While Jesus’s ministry on earth was mainly confined to the land of Israel, His disciples and we New Testament believers have brought the gospel out of Israel to many parts of the world. The spread of the gospel is thus more far-reaching than during Jesus’s time. Also, the number of believers won over by His disciples and modern day Christians is greater than the number Jesus converted while He was physically on earth. In that sense, whoever believes in Jesus will do greater things than His works. And notice the Bible says “whoever believes in Jesus”, rather than only pastors, church leaders and church staff, can do greater things than Jesus. So all of us who believe in Jesus can do greater things than Him.
But importantly, we must know that we can do greater things only with the help of the Holy Spirit.
Jesus clearly said that the reason why His believers could do greater things than Him was “because He was going to the Father” (Jn 14:12). He added that, “But very truly I tell you, it is for your good that I am going away. Unless I go away, the Advocate will not come to you; but if I go, I will send him to you.” (Jn 16:7)
That is to say that because Jesus had to go to the Father, the Holy Spirit will then come (Jn 16:7) to help believers (Jn 14:16), that’s why believers can have the power to do greater things than Jesus. Thus, it is not by our own strength that we can do greater things. Therefore, we have no reason to boast. Neither do we need to feel feeble, for no matter how weak we are, as long as we believe in Christ, the Holy Spirit will dwell in us and empower us to do the things God wants us to do. For example, when we lack the ability to serve God and His people, the Holy Spirit can distribute to us the appropriate gifts we need, by His will and for the common good (1 Co 12:4-11). When we cannot love God and men, the Holy Spirit can also help us bear the fruit of love (Gal 5:22). When we forget God and stray from Him, the Holy Spirit will remind us of the Lord’s word (Jn 14:26), so that we can remember God’s truth and overcome the devil’s lies. The Holy Spirit will help us do greater things than Jesus.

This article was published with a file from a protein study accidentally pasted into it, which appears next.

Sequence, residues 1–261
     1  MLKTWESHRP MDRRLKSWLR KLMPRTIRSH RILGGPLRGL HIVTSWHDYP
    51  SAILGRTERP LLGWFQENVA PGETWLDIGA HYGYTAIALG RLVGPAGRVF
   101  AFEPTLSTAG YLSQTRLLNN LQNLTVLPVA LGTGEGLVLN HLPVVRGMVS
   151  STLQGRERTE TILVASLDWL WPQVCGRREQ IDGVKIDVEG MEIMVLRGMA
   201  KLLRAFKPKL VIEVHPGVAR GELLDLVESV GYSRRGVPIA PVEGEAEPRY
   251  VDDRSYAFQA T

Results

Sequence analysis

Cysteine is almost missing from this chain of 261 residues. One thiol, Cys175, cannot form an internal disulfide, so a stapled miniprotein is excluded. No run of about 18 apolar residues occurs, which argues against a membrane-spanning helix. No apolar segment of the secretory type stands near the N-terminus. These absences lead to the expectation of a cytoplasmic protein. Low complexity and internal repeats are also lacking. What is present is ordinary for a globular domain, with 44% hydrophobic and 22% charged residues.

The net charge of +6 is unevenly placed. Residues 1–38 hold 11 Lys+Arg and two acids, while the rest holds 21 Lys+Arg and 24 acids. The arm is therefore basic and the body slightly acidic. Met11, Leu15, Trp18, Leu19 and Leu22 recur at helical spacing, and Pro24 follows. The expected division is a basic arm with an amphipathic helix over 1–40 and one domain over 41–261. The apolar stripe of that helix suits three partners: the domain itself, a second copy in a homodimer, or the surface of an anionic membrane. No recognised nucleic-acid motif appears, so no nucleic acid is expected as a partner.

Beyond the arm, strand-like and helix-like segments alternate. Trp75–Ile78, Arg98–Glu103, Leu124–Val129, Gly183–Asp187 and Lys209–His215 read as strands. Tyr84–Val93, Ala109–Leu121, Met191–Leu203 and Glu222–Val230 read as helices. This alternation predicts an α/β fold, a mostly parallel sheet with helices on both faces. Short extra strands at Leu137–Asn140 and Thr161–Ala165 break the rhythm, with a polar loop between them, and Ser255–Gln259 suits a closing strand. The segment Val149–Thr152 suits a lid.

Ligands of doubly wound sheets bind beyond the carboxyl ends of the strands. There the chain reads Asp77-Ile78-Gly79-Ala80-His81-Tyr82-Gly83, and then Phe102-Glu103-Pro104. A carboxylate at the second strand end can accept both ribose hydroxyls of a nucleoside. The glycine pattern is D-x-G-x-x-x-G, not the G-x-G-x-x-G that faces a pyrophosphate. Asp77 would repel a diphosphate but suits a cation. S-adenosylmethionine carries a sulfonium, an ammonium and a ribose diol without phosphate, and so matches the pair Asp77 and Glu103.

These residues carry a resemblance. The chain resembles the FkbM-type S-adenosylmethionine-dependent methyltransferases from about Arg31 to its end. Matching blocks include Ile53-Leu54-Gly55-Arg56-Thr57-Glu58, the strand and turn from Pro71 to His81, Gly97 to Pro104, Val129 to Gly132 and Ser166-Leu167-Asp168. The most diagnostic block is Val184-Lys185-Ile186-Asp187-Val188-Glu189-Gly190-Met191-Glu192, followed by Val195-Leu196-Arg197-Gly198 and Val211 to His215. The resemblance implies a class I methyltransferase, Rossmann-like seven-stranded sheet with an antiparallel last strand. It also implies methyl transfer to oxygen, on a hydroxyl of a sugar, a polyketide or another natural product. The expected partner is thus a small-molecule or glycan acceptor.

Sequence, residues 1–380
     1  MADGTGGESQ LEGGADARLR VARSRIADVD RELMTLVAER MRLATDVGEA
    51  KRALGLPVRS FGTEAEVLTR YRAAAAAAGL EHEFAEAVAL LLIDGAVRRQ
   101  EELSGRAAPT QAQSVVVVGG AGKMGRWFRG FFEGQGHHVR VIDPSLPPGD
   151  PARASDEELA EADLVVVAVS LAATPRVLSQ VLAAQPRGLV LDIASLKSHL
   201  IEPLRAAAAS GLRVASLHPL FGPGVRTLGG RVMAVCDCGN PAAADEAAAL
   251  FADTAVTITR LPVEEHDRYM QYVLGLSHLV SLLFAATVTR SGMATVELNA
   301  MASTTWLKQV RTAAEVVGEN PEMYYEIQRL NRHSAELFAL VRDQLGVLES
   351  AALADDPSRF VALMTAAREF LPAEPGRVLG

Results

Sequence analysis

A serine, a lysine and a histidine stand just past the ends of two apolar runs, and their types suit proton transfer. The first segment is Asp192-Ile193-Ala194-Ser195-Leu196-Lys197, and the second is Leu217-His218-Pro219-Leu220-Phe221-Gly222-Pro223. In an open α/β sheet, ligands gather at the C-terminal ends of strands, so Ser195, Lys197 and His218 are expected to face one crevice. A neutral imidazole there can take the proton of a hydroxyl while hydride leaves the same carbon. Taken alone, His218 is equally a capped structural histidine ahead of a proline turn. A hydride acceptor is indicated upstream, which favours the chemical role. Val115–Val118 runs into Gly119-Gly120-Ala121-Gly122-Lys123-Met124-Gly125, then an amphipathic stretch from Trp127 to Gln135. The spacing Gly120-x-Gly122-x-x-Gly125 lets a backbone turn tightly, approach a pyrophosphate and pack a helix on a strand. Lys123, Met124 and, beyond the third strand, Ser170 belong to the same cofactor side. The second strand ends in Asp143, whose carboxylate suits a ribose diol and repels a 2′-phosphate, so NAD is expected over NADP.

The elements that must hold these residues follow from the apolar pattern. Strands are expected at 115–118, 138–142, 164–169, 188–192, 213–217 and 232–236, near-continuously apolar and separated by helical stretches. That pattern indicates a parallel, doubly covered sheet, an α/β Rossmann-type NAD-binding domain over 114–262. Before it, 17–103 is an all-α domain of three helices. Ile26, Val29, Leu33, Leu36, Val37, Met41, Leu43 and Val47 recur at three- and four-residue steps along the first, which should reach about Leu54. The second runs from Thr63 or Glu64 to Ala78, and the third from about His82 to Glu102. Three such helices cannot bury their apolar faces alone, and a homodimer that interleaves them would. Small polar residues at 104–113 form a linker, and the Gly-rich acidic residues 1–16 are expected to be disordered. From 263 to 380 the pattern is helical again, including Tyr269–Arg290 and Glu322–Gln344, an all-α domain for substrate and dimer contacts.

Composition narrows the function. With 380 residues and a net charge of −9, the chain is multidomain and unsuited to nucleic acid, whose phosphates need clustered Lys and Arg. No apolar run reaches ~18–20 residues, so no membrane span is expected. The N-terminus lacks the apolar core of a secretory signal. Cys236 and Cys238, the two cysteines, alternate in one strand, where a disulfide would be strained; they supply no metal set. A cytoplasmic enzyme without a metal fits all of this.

We can do greater things by praying in the name of Jesus.
This was what Jesus told His disciples immediately after He told them that they would do greater things than Him. Hence, believers’ ability to do greater things is much related to their prayers. And notice it is prayer in whose name? In the name of Jesus, that is, by the power of Christ, not our own strength. Jesus also said He will answer prayers so that the Father may be glorified in the Son. Today, Christ has given His believers the privilege to pray in His name. Thus, even if the mission God entrusts us seems big, we need not feel intimidated to do greater things than the works of Jesus. If we have the heart to seek the glory of God, He can use our lives to accomplish great things in the Lord.
Though we are small, Jesus said that we who believe in Him can do greater works than Him, because He already finished His work on the cross and He has given us the Holy Spirit to help us. Furthermore, whenever we pray in His name with the aim to glorify God, He will answer us and empower us to do great things. With that, pray that we are willing to let God use our lives to fulfil His grand purpose.